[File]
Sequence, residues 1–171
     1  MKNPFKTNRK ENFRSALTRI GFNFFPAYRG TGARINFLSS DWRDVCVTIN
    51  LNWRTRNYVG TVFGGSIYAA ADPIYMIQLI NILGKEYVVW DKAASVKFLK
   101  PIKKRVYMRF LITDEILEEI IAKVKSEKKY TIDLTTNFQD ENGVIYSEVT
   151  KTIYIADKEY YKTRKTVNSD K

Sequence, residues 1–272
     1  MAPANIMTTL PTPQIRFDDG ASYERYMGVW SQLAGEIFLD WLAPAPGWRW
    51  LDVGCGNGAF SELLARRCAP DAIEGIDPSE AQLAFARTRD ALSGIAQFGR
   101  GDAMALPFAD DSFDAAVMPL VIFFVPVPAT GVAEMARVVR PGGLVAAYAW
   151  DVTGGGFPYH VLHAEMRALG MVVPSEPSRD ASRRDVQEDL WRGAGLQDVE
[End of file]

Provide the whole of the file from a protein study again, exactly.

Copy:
Sequence, residues 1–171
     1  MKNPFKTNRK ENFRSALTRI GFNFFPAYRG TGARINFLSS DWRDVCVTIN
    51  LNWRTRNYVG TVFGGSIYAA ADPIYMIQLI NILGKEYVVW DKAASVKFLK
   101  PIKKRVYMRF LITDEILEEI IAKVKSEKKY TIDLTTNFQD ENGVIYSEVT
   151  KTIYIADKEY YKTRKTVNSD K

Sequence, residues 1–272
     1  MAPANIMTTL PTPQIRFDDG ASYERYMGVW SQLAGEIFLD WLAPAPGWRW
    51  LDVGCGNGAF SELLARRCAP DAIEGIDPSE AQLAFARTRD ALSGIAQFGR
   101  GDAMALPFAD DSFDAAVMPL VIFFVPVPAT GVAEMARVVR PGGLVAAYAW
   151  DVTGGGFPYH VLHAEMRALG MVVPSEPSRD ASRRDVQEDL WRGAGLQDVE